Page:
The fourth thing that troubles the disciples and us takes up the second half of our text. Not understanding that Jesus is already enough, another disciple, Philip says, “Lord, show us the Father; that will be enough for us.” The fourth fear is this: Not trusting that what we already have is enough. Philip has spent three years with Jesus. Every day Jesus has been showing him what life is like with God. Jesus has even been explicit about how he and the Father are one. Having seen Jesus, Philip sees and knows the Father already.
But let’s not beat Philip up for wanting more. We all have done similarly at various points of our lives. We bargain with God all the time. Lord, if you will just heal this person I love, then you bet I’ll go to church more regularly. Lord, I’d love to support the church financially, but things are really tight at home. So…if you wouldn’t mind giving me a little extra, I’ll make sure you get some back. Or sometimes these don’t even connect this directly to the church. Lord, if you would just make sure the right people get elected, then I’ll finally be happy about the state of the world and will stop griping on Facebook.
Two observations: First, God is not a vending machine, so don’t treat prayer that way. Jesus says we have everything we need already, so our work is to trust that is true. Second, wanting more from God and putting conditions on our response, reveals not faith but a kind of contractual relationship. Jesus says that he is sufficient. He’s already there. We are on the journey together with him. He is the path, and he is the destination.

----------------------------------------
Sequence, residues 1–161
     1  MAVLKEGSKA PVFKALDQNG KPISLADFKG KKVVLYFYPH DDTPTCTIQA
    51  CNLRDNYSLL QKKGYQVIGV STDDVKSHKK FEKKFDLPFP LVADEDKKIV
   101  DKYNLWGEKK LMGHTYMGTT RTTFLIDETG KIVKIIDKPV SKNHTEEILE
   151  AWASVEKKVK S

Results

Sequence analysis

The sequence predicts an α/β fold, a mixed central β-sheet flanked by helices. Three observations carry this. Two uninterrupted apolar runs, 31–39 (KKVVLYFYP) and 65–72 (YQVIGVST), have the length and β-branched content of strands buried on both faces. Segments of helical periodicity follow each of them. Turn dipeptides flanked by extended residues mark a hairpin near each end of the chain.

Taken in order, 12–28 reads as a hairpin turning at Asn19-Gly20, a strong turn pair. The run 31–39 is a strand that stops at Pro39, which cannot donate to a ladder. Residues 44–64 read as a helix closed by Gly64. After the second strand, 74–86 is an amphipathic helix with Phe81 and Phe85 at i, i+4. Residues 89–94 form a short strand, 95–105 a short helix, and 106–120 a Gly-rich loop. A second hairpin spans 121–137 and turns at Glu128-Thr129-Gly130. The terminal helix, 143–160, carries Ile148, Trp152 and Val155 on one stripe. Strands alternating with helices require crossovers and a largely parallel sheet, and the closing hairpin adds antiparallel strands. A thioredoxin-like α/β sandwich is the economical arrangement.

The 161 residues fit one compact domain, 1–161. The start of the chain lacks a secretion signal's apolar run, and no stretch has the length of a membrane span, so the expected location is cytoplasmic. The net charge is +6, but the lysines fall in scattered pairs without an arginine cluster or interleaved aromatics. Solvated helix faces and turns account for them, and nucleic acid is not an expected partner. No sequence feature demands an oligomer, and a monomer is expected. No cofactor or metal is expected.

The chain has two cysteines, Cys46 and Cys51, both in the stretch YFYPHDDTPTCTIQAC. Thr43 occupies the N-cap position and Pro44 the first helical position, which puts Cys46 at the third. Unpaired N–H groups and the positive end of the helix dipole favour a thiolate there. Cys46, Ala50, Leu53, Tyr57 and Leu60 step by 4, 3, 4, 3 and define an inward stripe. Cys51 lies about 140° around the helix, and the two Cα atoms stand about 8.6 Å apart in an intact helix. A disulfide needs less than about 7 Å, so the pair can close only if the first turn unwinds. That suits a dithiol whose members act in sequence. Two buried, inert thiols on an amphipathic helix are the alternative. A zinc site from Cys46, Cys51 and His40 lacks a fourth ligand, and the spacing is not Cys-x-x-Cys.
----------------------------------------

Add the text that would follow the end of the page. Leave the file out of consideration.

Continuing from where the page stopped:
Our passage closes with how we are to ask for what we need in this life. Have you ever wondered why we frequently end our prayers with “we ask all this in Jesus’ name. Amen.”? It’s because Jesus tells us to ask in his name. Verse 13: “I’ll do whatever you ask for in my name.” But this is no incantation. This is not abracadabra. Again, Eugene Peterson’s translation is helpful here. “Whatever you request along the lines of who I am and what I am doing, I’ll do it,” Jesus says.
This is why we don’t pray, “Lord, I’d like a Corvette and the Lions to win the Super Bowl in Jesus’ name!” As lovely as those things would be, neither of those are along the lines of who Jesus is. But we can pray for hearts that are big enough to love the way Jesus loves. We can pray for reconciliation where a relationship has broken down. We can pray for daily bread. We can pray that our church will be bold in how we seek to love our community.
“Don’t be troubled,” Jesus says. He takes our fears — abandonment, exclusion, misunderstanding, scarcity — and says, “Don’t be troubled. You know me. I am with you on this road. I will guide you safely to the end.” He even promises that greater things will be done through us than we could ever imagine. But we have to trust each other. We have to trust Jesus, taking him at his word. We go forward on this journey together. Jesus is with us on this road, and we are with each other. And that is a blessing that we turn into blessings that go way beyond ourselves, into a world that still doesn’t know the joy of being with Jesus.